(This, of course, doesn't account for external interference--change of work, change of household, change in marital status, etc.--imposing itself on a group.)

In short, your game design has to allow for drop-in/drop-out play as the default condition. Your gameplay loop must be short enough to complete in a single sitting; an hour or two per loop at the maximum. Blizzard Entertainment gets this; leveling in the present expansion (Shadowlands, as of this post) and the three preceding ones (Battle For Azeroth, Legion, Warlords of Draenor) when they were current had this nailed down, and shortened it further as the expansion went on.

Guess what authentic D&D accidentally nailed early on? Exactly this. As reported by Jeffro Johnson, and explained by Dave Weasely before him, this is the real default gameplay loop of D&D. This is present here and now in the winning MMORPGs--World of Warcraft & Final Fantasy XIV--and non-RPGs are picking this up deliberately now in their multiplayer modes (e.g. Call of Duty: Warzone).

Tabletop RPGs, as a class, remain mired in this false myth of the Ever-Persistent Group. Then they wonder why games and campaigns fall apart, and products languish in retail such that smart stores stop stocking them entirely in favor of yet more Magic: The Gathering and Warhammer 40,000 product. Either you accept that this is not, and never has been, the norm and live forever in a narrow niche or you swallow that pride (and the blackpill within it) and actually make what the players want.

What the players want is a satisfying gameplay loop that makes them feel good--accomplished--through dopamine hits that they know exactly how to acquire, which is what playing the game is al about. They can dress this up as a fantasy adventure of treasure hunting, but you can dress this up as a superspy mission (Spycraft), as a hunting trip to gank a gnarly beast (Monster Hunter), as a heist caper (Shadowrun, Cyberpunk), as autonomous mercenaries in a weird war (TORG), and more. These are the ill-spoken, but proven, limits of the RPG as a medium.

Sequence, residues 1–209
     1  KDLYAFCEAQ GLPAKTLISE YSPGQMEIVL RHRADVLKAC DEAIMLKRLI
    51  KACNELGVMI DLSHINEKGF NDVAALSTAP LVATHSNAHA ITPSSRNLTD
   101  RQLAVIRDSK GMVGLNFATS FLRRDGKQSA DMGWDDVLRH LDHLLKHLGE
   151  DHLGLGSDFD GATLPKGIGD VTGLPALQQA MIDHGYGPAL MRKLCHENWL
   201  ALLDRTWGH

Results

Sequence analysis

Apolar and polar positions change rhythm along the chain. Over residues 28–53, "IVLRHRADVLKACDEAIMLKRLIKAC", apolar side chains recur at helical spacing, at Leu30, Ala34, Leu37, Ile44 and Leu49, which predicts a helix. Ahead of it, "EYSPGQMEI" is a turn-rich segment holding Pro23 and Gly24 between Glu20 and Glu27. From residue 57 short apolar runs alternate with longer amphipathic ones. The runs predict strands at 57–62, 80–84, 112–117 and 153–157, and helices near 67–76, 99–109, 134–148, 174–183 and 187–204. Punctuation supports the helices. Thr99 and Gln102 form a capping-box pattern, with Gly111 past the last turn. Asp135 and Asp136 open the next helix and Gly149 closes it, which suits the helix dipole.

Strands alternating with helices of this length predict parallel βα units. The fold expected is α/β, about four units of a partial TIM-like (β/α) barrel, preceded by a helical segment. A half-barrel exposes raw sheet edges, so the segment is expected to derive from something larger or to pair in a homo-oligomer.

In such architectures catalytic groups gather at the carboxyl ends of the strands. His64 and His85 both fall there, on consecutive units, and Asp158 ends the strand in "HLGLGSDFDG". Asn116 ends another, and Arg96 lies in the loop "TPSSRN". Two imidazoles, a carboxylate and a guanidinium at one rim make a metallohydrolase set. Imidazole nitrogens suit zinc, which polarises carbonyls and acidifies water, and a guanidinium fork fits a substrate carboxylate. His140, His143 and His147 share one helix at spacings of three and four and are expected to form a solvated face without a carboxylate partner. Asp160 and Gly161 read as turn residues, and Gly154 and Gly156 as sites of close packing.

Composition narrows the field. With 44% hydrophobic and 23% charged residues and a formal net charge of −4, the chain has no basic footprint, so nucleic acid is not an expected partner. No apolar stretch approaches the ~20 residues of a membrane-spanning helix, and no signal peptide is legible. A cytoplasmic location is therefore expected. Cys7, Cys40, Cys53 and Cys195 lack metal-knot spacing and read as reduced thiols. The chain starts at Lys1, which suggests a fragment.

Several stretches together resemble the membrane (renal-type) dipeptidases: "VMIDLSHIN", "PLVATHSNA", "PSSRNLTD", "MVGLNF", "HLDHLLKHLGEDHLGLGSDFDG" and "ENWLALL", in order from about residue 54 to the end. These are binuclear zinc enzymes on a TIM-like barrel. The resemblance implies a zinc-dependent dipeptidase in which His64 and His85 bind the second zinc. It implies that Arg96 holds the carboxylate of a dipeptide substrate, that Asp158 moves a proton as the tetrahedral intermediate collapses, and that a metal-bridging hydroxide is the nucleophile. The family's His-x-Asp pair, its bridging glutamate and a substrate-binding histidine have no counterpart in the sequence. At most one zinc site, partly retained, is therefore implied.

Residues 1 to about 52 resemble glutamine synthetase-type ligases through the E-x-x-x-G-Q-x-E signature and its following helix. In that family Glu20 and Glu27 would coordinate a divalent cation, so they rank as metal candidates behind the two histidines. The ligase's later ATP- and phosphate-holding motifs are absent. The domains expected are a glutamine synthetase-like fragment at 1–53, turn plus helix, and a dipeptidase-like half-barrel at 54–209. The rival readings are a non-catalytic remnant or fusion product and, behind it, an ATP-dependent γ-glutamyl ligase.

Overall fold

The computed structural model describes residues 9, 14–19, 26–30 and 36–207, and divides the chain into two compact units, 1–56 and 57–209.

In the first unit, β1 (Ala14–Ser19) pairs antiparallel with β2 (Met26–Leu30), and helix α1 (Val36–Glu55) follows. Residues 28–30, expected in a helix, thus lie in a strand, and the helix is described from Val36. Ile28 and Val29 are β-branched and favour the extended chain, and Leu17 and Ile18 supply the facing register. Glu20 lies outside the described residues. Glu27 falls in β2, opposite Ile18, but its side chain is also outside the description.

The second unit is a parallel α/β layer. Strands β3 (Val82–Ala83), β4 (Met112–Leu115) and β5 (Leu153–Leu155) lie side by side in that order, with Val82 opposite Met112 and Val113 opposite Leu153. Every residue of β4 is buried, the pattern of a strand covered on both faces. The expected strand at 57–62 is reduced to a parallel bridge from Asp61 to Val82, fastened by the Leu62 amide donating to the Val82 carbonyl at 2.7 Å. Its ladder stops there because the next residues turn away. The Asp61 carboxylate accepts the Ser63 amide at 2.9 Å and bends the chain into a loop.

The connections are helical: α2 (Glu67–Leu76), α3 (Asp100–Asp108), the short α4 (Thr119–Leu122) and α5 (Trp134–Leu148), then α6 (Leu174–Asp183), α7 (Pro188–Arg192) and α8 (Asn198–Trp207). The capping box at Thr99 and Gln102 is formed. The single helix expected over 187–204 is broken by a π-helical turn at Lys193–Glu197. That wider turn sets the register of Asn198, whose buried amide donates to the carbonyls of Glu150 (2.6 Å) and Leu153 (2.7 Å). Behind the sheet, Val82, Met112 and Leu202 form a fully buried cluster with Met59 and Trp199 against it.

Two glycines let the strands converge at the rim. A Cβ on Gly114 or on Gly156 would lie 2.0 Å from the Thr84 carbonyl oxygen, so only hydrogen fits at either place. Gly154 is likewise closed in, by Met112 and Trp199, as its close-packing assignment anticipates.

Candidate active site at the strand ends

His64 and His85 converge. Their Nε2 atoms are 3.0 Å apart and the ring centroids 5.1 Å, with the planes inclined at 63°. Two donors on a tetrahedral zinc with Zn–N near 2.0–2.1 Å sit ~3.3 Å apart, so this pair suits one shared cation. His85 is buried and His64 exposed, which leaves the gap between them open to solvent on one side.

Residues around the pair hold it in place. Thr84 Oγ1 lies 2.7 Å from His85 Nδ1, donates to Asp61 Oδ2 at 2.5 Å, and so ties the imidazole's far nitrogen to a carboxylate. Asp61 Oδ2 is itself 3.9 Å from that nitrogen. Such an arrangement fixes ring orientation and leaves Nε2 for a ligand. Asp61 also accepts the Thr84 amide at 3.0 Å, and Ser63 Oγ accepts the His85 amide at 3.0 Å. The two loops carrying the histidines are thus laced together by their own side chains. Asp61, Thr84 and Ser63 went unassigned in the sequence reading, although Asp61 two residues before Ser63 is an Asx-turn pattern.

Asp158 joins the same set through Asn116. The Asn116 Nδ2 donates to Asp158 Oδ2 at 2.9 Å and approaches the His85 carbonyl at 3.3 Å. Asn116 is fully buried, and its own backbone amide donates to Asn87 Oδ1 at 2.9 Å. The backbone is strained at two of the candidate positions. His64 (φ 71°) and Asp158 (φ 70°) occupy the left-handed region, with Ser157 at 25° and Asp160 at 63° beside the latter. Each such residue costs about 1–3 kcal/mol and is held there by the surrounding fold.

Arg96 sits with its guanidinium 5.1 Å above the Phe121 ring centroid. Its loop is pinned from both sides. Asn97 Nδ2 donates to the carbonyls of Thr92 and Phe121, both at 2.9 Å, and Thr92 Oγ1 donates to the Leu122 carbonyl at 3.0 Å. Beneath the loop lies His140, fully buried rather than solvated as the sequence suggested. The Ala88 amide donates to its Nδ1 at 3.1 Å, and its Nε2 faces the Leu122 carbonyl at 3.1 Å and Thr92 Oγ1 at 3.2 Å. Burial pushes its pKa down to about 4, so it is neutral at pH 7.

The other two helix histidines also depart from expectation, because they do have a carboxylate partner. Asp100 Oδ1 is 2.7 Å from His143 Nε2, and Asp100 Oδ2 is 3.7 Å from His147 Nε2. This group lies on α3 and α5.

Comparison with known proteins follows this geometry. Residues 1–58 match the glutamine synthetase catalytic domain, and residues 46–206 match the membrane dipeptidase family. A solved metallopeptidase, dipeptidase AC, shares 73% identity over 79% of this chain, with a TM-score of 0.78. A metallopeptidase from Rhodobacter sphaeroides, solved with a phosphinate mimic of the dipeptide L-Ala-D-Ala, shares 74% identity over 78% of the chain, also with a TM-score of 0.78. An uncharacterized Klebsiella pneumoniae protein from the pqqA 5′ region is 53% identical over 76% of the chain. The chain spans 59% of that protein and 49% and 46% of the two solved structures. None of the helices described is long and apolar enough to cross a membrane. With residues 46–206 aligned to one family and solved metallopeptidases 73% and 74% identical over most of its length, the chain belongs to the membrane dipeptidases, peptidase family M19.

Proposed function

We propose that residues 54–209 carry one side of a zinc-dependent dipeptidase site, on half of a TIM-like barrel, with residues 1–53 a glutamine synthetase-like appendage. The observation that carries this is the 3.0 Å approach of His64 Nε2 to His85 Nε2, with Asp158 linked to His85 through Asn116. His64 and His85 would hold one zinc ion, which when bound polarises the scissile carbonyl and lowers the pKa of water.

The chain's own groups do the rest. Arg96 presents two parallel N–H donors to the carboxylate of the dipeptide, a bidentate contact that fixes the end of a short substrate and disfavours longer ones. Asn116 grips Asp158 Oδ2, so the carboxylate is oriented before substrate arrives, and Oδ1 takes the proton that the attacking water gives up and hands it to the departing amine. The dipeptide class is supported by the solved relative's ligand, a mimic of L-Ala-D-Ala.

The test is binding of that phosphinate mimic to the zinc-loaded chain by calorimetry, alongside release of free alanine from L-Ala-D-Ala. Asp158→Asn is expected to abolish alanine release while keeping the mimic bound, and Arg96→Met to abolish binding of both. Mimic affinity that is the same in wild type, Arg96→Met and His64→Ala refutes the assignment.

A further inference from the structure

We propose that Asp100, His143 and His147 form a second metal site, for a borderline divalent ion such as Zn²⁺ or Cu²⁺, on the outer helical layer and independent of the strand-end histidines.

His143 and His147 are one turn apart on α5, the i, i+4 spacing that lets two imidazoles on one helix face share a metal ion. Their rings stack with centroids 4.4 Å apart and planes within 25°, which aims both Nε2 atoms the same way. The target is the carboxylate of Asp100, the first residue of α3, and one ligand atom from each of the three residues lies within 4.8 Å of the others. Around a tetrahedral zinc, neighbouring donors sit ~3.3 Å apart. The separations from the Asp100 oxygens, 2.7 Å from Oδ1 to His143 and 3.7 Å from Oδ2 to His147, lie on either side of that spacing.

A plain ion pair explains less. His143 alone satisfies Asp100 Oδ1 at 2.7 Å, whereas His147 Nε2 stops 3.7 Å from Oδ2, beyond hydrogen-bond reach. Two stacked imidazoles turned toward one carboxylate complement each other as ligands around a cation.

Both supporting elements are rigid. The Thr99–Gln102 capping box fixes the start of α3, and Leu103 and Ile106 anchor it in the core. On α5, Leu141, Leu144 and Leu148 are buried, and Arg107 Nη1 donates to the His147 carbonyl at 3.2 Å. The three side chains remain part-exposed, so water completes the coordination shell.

It also proves by demonstration that is IS a wargame derivative medium and NEVER a form of storytelling or other narrative bullshit. (That's why narrative "games" fail.)

Conclusion:The RPG is a wargame derivative that relies on a premise of anarchic chaos for the unit and anarchy lack of commitment for the player along with a promise of reliable dopamine satisfaction disguised as a core gameplay loop. That is your game design. You need no Classes to do this. You need no Levels to do this. You need only create the structure to produce those effects, and you need to default to drop-in/drop-out short-term commitment for multiplayer play. Do this and win.

That lack of knowing why it is so, and only blindly aping what works, is why RPG design remains in the grip of a cargo cult.

Thursday, January 21, 2021

The Business: The Death Grip of the RPG Design Cargo Cult (Part 4)

Levels are an overused design element.

When D&D first arose, Gary & Dave--as they tinkered their way from Chainmail to D&D--organically used Levels for three things: Unit Power, Ability Power, Threat Rating. Unit Power equals Character Level. Ability Power equals Spell Level. Threat Rating equals Hit Dice (monsters), Character Level (NPCs), or Dungeon Level (location). Some derivatives would add Treasure Level, and so on.